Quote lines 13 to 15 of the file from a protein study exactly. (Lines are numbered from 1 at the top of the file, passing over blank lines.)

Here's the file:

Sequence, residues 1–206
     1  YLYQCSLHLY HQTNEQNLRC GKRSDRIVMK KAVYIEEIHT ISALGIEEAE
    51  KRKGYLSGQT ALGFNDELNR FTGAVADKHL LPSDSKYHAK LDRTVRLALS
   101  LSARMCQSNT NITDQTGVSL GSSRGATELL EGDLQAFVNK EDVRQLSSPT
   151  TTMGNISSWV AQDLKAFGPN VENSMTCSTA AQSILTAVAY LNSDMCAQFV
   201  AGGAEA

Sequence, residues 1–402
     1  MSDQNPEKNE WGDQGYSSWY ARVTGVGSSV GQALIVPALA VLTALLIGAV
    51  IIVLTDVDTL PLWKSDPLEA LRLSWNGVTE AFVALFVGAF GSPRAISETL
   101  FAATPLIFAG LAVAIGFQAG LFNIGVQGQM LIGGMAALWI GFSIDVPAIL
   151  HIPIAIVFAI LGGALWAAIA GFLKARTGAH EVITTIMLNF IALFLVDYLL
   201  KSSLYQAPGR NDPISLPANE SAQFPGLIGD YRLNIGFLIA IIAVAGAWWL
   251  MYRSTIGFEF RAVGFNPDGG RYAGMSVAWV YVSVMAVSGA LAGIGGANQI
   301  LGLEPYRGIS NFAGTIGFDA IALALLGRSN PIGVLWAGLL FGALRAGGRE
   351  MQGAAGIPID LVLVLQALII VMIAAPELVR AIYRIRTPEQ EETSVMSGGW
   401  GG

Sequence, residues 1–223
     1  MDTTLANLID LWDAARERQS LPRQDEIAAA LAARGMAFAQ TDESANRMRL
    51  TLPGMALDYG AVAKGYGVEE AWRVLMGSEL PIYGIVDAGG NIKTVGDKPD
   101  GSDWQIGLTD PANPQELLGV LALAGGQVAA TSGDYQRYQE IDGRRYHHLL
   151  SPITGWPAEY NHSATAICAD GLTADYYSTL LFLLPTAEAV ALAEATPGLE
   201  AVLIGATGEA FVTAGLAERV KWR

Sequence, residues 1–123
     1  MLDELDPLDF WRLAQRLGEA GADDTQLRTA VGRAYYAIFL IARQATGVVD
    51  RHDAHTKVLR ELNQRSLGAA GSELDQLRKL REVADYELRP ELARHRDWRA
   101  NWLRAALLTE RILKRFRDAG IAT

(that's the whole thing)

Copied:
   251  MYRSTIGFEF RAVGFNPDGG RYAGMSVAWV YVSVMAVSGA LAGIGGANQI
   301  LGLEPYRGIS NFAGTIGFDA IALALLGRSN PIGVLWAGLL FGALRAGGRE
   351  MQGAAGIPID LVLVLQALII VMIAAPELVR AIYRIRTPEQ EETSVMSGGW